A further advantageous embodiment of the invention includes an hour meter 58 connected in the controller so as to time the operation of the irrigation arm. This timing allows the farmer to calculate the amount of water used during the particular growing season. FIG. 2 also shows the contacts of relay R2 and R3 connected in series in the automatic starting circuit. The redundancy employed here is for the purpose of protecting against a failure of relay R2. The starting circuitry 20 only requires a momentary contact in order to start the system. Therefore, the delay on R2 may be set in the range of 1 to 3 seconds. It often takes a much longer period of time for the supply pressure to build up in the system. In order to prevent low pressure safety shutdown, the delay period of relay R3 can be set for up to 15 minutes.
While the invention has been particularly shown and described with reference to a preferred embodiment thereof, it will be understood by those skilled in the art that various changes in form and detail may be made therein without departing from the spirit and scope of the invention.
|Cited Patent||Filing date||Publication date||Applicant||Title|
|US2796291 *||Feb 20, 1956||Jun 18, 1957||Mueller Richard A||Moisture actuated soil sprinkling control|
|US3836078 *||Jun 9, 1972||Sep 17, 1974||Lockwood Corp||Monitoring system for mobile irrigation apparatus|
|US3843056 *||Nov 30, 1973||Oct 22, 1974||Nye J||Trickle irrigation system|
|US4227648 *||Dec 12, 1978||Oct 14, 1980||Lockwood Corporation||Center pivot irrigation system having apparatus for irrigating corners|
|US4228955 *||Jul 2, 1979||Oct 21, 1980||Petersen Loyal F||Safety device for mobile irrigation assemblies|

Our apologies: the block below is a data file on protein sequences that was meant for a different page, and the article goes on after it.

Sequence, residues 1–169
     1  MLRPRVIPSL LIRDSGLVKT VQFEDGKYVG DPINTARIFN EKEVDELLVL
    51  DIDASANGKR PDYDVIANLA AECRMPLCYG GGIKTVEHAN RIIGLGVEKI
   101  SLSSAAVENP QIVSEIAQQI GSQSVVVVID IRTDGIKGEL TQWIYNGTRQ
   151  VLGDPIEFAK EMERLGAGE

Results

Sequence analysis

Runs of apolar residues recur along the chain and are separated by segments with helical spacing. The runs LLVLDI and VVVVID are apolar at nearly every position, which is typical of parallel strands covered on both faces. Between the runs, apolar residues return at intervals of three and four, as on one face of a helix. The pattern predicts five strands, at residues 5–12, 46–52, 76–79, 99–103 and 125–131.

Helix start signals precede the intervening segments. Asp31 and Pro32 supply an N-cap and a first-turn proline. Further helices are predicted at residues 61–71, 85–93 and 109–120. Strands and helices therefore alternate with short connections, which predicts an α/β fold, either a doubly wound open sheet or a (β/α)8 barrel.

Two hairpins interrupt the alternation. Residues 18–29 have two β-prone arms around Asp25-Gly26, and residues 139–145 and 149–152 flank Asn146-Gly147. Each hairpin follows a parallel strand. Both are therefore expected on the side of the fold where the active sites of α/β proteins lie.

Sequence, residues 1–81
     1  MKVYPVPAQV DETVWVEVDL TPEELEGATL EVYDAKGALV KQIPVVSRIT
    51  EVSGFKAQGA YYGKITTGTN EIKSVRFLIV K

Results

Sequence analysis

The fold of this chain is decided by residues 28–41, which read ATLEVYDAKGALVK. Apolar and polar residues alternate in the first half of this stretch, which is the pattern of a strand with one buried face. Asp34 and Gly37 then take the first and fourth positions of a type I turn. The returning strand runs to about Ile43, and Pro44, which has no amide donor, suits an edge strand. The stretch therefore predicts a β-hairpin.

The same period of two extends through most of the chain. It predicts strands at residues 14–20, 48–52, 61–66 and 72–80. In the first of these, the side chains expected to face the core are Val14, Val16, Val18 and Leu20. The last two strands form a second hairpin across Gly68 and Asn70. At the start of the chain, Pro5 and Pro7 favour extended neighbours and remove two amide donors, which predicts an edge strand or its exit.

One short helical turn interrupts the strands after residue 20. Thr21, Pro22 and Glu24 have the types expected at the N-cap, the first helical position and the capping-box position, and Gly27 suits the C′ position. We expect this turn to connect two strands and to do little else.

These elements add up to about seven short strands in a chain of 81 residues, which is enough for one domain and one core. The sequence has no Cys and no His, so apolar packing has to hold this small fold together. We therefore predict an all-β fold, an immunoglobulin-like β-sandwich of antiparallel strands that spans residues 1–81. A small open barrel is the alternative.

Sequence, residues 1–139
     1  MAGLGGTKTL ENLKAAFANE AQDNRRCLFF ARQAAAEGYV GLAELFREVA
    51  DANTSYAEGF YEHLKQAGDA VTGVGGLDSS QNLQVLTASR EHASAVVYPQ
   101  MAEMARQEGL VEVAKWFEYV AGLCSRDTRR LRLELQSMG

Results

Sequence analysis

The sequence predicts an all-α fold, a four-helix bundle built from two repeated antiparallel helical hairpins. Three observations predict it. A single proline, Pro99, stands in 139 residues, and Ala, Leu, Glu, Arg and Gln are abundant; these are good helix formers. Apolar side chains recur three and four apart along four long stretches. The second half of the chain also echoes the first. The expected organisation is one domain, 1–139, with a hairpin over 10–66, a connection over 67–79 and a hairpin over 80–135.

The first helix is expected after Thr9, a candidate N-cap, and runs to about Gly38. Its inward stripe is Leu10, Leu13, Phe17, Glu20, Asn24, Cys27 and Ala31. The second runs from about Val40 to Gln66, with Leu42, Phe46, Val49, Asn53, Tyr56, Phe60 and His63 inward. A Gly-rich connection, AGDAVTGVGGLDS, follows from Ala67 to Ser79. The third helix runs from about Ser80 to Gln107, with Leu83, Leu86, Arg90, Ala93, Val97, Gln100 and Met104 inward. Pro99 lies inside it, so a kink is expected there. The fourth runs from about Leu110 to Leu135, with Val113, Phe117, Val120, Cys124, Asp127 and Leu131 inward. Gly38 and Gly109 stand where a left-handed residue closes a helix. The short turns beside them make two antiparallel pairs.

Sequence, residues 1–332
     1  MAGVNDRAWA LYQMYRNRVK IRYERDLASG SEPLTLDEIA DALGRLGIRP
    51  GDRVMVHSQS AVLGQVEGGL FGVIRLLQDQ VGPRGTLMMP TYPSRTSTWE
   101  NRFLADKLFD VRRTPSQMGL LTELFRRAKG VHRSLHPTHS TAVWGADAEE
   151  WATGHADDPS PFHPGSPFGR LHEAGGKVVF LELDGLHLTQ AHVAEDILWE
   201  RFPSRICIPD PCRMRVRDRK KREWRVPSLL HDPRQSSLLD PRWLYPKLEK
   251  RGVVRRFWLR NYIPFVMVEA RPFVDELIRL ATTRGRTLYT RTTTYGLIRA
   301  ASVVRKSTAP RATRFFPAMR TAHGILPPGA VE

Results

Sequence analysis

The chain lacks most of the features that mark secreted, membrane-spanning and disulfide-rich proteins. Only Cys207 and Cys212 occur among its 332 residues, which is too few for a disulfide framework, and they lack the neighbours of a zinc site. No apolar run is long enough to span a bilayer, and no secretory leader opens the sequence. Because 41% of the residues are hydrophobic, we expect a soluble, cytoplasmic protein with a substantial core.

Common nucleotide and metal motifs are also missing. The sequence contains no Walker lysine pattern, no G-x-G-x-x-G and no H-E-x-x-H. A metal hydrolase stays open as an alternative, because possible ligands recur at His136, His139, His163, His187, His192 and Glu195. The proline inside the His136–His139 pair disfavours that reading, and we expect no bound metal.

|US4305549 *||Feb 25, 1980||Dec 15, 1981||Hewitt Ronnie D||Valve apparatus and method for controlling flow to an end gun of a pivot irrigation apparatus|
|US4463906 *||Sep 22, 1982||Aug 7, 1984||Reinke Manufacturing Co., Inc.||Guidance system for lateral move irrigation machines|
|EP0076014A1 *||Sep 25, 1982||Apr 6, 1983||Dwight J. Busalacchi||Irrigation control system|
|Citing Patent||Filing date||Publication date||Applicant||Title|
|US5246164 *||Dec 16, 1991||Sep 21, 1993||Mccann Ian R||Method and apparatus for variable application of irrigation water and chemicals|
|US5678771 *||Apr 19, 1996||Oct 21, 1997||Valmont Industries, Inc.||Chemical distribution system|
|US5927603 *||Sep 30, 1997||Jul 27, 1999||J. R. Simplot Company||Closed loop control system, sensing apparatus and fluid application system for a precision irrigation device|
|US6220968||Feb 11, 1999||Apr 24, 2001||Jeffrey K. Daniel||Irrigation drive line protection system|
|US6393927 *||Oct 8, 1996||May 28, 2002||Li-Cor, Inc.||Method and apparatus for real-time determination and application of nitrogen fertilizer using rapid, non-destructive crop canopy measurements|
|US6512992||Mar 5, 1999||Jan 28, 2003||Raven Industries, Inc.||Irrigation positioning system|
|US6975245 *||Sep 18, 2000||Dec 13, 2005||Battelle Energy Alliance, Llc||Real-time data acquisition and telemetry based irrigation control system|
|US7461798 *||Feb 20, 2006||Dec 9, 2008||Malsam Craig S||Collector ring for a center pivot irrigation machine|
|US7997294||Jul 30, 2008||Aug 16, 2011||Donald Murray||Soil moisture sensing apparatus for preventing overwatering|
|US8829736 *||Jun 9, 2011||Sep 9, 2014||Lindsay Corporation||Low-power start-up and direction control circuitry for an irrigation system|
|US9060473 *||Feb 19, 2013||Jun 23, 2015||Trimble Navigation Limited||Moisture sensing watering system|
|US20100032493 *||Feb 11, 2010||Kevin Abts||Precision variable rate irrigation system|
|US20110304222 *||Dec 15, 2011||Lindsay Corporation||Low-power start-up and direction control circuitry for an irrigation system|
|US20140230917 *||Feb 19, 2013||Aug 21, 2014||Trimble Navigation Limited||Moisture sensing watering system|
|U.S. Classification||239/1, 239/728, 239/63|
|Oct 6, 1987||CC||Certificate of correction|
|Sep 10, 1990||FPAY||Fee payment|
Year of fee payment: 4
|Dec 13, 1994||REMI||Maintenance fee reminder mailed|
|May 7, 1995||LAPS||Lapse for failure to pay maintenance fees|
|Jul 18, 1995||FP||Expired due to failure to pay maintenance fee|
Effective date: 19950510